EDF (Électricité de France), the fifth largest electrical utility company in the world, has launched its visual simulator software on iExec, a decentralized application that uses Ethereum behind the scenes. The EDF simulator explores “smoothed particle hydrodynamics” for modeling fluids and studying all sorts of things, such as water dams or lava cooling.
Normally the simulator would run on GPUs managed by EDF. But now they are experimenting with running them on iExec, a computing platform tightly integrated with Ethereum. iExec is a decentralized computing platform, allowing anyone with a computer to profit from allowing others to use their GPU/CPU cycles for anything from CGI rendering to training neural nets.
Resources that once would have sat idle can now be monetized on the decentralized computing network. These frameworks allow personal computers to do what was generally done by servers in computing farms.
Not only does iExec allow anyone to lease their computer power to crunch through protein folding algorithms or perform 3D rendering, but they also allow individuals to lease valuable data sets. For instance, if someone has machine-learning data that can differentiate a "car" from "a billboard with a picture of a car", or a dataset to distinguish an NSFW picture from a SFW one, they can offer that service on the network. Instead of trying to sell the dataset to a large operator, as you would have had to do in the past, you can now still retain your ownership and charge people per use of the data. iExec provides the platform for people to offer and bid on such services--it is live now. Ethereum is used to facilitate all the payments throughout the system.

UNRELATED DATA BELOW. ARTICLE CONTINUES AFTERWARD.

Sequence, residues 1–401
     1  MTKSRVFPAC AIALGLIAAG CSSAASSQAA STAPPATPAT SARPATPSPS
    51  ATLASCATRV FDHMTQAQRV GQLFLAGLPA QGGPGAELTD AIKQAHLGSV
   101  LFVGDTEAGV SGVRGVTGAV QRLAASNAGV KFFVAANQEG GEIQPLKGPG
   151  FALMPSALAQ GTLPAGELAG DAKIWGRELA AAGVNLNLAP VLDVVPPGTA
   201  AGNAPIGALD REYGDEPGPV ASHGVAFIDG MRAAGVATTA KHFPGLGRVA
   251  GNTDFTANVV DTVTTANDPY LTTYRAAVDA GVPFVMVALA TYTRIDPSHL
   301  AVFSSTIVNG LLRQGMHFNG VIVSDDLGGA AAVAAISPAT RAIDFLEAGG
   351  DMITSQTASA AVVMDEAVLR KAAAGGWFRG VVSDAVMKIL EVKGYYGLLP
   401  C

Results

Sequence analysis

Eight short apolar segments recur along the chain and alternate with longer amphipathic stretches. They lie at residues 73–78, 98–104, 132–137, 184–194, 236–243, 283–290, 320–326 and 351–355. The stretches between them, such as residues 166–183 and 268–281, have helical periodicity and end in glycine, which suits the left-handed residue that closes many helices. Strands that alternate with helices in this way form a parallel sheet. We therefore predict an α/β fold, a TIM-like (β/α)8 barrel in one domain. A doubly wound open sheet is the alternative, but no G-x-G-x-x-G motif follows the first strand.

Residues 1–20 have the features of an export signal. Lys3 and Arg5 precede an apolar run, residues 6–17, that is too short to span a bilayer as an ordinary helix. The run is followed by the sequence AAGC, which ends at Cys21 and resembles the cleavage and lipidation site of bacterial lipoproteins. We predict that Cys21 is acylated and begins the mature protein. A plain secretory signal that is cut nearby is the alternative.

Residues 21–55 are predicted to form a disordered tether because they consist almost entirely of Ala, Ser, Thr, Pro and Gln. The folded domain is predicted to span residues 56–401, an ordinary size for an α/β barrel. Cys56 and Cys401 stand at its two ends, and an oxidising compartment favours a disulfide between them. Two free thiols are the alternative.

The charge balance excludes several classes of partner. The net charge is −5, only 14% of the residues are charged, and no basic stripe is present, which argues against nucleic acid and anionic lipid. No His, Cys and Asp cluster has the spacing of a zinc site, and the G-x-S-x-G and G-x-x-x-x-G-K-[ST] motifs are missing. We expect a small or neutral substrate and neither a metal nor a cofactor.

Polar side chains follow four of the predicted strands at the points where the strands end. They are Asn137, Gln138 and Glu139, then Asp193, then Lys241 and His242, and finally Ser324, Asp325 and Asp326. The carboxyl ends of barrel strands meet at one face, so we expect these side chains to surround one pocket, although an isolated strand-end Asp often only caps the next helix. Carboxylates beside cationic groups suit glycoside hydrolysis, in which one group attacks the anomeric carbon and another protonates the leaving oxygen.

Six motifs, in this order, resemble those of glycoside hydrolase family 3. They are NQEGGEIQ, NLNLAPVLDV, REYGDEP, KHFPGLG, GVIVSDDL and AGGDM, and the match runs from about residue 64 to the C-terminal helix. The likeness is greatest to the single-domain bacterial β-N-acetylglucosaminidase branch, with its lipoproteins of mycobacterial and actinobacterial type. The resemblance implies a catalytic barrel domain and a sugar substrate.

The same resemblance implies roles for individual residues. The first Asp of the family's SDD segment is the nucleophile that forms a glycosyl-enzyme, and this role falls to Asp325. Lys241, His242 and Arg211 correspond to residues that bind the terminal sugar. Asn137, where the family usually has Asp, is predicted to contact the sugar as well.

There are other distributed computing platforms that use Ethereum as well. Golem has a transaction system matching providers and requestors, taking into account prices, reputations and their machines' performance. Tasks, i.e. files, needed for computation are sent to the provider's machine. After the computation is completed, the provider's app sends back the results to the requestor's app. If the result passes the verification process, the provider is paid for his work.
Another "fog computing" company SONM, uses Ethereum smart contracts to organize the logic of the SONM system: the market is embedded in a smart contract, which can be accessed by anyone to extract data on the availability of computing resources on the marketplace. In SONM, every user has a rating based on the history and results of deals they have made to sell or purchase computing power on the marketplace. SONM is a member of Cloud28+, Hewlett-Packard's cloud computing group, and partnered with many others in the blockchain and cloud computing space.
About the author
Dr. Lederer has over 15 years of technical experience in computer system design and programming. He has been teaching about blockchain and Ethereum for 3 years and recently co-authored Blockchain: A Practical Guide to Developing Business, Law, and Technology Solutions. Prior to working on blockchain technology, he worked at The Wall Street Journal, Morgan Stanley and BAE Systems, where he held a DoD TS (top secret) clearance to develop a novel mobile ad-hoc network for the US Air Force.